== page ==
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The Daughter Of Time Paperback – 6 Aug 2009
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"Most people will find The Daughter Of Time as interesting and enjoyable a book as they will meet in a month of Sundays" (Observer)
"A detective story with a very considerable difference. Ingenious, stimulating and very enjoyable" (Sunday Times)
"Josephine Tey has always been absolutely reliable in producing original and mysterious plots with interesting characters and unguessable endings" (Spectator)
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Josephine Tey, by modernising this mystery, reminds us that it is as relevant today as in the fifteenth century. Unlike many ancient mysteries, there are recent leads to this one, as for instance - in the Vatican archives!
A wonderful book to bring history alive!
This book convinced both of us of Richard's innocence in the matter of the disappearance of the Princes, I have been firmly convinced ever since that Henry vii was far blacker than he has been painted over the years !!! Well worth reading .
The arguments for Richard's innocence in the matter are shrewd and persuasive. The role of Bishop Morton in calumnies against him before and after his death is undeniable.
However there are caveats and not all of them are the fault of the author. She died in 1952 so of course doesn't have the same insight as present-day readers. Two items:
Dominic Mancini's account of the events of early 1483, discovered in 1934, is nowhere mentioned. Rumours of the Princes deaths were swirling around London at the time, so this flatly contradicts the central plank of the Defence. Second the contention is that Morton is the author of More's history; that being the case why did Richard rage at the Council meeting that sorcery caused his arm to wither? We know that is not true, Morton can't be the witness that More is drawing on. No, Thomas More was fabricating.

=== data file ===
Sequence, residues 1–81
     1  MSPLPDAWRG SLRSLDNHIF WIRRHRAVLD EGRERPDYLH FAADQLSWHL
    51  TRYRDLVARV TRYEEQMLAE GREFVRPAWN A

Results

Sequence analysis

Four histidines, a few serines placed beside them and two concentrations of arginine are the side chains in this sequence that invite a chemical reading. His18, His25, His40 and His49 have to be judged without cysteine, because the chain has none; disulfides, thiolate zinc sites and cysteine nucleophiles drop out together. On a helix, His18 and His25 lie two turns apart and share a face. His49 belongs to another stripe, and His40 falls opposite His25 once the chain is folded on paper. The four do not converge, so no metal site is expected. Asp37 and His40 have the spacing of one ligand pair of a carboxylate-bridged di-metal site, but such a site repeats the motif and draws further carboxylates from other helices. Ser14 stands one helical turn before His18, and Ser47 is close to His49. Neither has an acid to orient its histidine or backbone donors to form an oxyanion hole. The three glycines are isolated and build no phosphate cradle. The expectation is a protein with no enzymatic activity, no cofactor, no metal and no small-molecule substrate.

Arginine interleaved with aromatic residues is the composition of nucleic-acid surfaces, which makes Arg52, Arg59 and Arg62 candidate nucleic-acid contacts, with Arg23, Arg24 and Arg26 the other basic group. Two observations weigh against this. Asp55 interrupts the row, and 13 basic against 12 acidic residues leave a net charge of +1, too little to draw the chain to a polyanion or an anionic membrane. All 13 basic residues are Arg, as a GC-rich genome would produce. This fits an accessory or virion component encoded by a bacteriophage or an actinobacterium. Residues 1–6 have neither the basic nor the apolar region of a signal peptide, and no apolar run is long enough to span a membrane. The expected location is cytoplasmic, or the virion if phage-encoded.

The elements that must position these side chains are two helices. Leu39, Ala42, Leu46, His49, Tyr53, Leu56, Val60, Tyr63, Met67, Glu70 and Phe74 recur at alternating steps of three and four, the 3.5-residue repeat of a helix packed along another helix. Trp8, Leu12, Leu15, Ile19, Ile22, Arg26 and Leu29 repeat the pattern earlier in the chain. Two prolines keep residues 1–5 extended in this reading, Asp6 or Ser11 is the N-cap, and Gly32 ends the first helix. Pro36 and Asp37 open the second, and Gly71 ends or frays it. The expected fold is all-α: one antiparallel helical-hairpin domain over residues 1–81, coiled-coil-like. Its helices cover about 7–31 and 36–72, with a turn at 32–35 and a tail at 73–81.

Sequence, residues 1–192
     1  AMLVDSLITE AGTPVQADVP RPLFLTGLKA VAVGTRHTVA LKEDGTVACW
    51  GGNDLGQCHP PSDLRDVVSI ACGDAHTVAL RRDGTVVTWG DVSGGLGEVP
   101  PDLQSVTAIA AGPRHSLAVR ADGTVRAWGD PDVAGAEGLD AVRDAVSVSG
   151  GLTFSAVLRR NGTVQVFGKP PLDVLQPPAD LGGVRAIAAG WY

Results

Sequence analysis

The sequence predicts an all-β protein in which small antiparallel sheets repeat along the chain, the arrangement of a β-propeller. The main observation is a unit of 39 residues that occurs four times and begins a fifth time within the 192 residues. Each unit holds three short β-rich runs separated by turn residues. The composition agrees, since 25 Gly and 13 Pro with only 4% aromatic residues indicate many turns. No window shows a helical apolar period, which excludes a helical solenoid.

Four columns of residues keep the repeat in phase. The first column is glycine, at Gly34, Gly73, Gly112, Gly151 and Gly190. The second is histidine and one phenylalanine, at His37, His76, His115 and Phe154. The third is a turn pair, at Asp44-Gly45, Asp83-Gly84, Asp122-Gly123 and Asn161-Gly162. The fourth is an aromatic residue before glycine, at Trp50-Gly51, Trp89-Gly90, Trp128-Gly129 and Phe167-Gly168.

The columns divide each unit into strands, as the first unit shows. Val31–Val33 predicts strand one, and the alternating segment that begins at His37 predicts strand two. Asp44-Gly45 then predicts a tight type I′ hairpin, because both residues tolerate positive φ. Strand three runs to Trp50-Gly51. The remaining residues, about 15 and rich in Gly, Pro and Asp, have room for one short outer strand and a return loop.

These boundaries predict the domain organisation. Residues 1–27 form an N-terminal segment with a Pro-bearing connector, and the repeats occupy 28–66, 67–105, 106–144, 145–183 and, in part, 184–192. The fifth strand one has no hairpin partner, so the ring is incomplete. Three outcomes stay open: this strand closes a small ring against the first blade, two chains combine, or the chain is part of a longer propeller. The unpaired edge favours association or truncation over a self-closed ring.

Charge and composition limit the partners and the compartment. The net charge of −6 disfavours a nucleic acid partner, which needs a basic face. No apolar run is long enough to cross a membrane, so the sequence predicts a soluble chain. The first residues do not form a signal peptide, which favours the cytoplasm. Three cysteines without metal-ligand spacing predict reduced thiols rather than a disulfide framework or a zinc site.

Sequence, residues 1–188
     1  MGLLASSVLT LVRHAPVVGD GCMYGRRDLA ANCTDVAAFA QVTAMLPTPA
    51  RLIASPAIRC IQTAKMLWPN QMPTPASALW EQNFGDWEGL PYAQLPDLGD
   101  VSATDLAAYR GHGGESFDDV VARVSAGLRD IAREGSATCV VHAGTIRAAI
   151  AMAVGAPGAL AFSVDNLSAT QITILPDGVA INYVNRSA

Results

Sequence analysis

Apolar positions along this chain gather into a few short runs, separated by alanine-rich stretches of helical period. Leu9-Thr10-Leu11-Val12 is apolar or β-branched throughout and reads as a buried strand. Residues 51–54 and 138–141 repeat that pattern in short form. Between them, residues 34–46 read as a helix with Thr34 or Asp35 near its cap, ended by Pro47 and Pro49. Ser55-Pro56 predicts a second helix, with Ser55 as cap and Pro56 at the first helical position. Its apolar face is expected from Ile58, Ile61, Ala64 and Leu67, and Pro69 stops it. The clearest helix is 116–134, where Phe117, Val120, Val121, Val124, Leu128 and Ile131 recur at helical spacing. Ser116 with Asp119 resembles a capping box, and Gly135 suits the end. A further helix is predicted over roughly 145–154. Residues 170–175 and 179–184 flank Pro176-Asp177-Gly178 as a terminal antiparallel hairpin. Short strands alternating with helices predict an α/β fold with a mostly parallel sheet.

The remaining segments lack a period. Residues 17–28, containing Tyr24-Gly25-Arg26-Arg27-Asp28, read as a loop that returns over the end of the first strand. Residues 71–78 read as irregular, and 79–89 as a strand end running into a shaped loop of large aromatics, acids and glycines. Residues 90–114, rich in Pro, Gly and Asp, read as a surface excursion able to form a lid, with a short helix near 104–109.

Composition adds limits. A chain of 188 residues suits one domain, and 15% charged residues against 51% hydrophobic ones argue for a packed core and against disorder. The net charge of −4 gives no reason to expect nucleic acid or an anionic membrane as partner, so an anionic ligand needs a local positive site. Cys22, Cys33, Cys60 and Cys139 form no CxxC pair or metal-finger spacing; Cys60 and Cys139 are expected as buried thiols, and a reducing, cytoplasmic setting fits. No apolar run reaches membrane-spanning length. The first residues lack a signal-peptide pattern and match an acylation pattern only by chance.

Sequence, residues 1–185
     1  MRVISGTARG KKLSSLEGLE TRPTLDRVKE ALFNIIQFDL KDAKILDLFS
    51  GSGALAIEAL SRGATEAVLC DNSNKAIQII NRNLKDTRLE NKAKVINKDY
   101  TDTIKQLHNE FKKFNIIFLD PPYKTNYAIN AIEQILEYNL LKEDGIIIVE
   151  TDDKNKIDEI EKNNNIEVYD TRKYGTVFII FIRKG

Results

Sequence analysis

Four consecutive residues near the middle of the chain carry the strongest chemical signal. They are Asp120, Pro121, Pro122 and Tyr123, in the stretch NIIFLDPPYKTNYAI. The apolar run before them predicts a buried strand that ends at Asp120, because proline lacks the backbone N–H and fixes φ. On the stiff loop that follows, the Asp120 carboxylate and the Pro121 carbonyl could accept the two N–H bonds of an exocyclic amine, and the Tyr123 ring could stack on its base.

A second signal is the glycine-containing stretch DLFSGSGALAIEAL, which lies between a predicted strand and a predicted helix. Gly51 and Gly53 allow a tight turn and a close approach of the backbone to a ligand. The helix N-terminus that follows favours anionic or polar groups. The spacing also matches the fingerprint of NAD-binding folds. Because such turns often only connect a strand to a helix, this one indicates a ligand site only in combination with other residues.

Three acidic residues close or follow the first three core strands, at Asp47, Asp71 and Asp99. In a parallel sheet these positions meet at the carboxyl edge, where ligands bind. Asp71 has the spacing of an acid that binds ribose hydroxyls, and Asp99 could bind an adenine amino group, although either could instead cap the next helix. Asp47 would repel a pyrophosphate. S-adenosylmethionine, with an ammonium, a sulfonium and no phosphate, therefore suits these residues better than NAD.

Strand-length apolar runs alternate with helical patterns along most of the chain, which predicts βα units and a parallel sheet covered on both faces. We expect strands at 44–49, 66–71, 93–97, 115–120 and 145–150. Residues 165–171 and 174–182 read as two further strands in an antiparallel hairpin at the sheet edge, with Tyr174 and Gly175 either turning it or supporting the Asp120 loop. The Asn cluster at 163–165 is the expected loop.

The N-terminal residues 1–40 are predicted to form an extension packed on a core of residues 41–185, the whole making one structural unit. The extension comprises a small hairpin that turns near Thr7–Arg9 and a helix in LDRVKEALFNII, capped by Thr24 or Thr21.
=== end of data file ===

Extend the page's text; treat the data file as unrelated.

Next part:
This is a highly accomplished work and very entertaining.
Don't pass this book by for something more modern!
And when she dips into the Historical facts, the book makes fascinating reading.
If only she'd put the case forward in her own words, and not created a cast of interminably dull characters to do it for her!
Others have said that allowances should be made for the fact that the novel is dated, but I don't think that's the problem at all - I've read many, many much older books than this and been completely gripped by both the story and the characters.
Here, I ended up skimming the pages of dreadfully stilted dialogue between the bed-ridden Inspector and his visitors towards the end, because I just couldn't bear it anymore.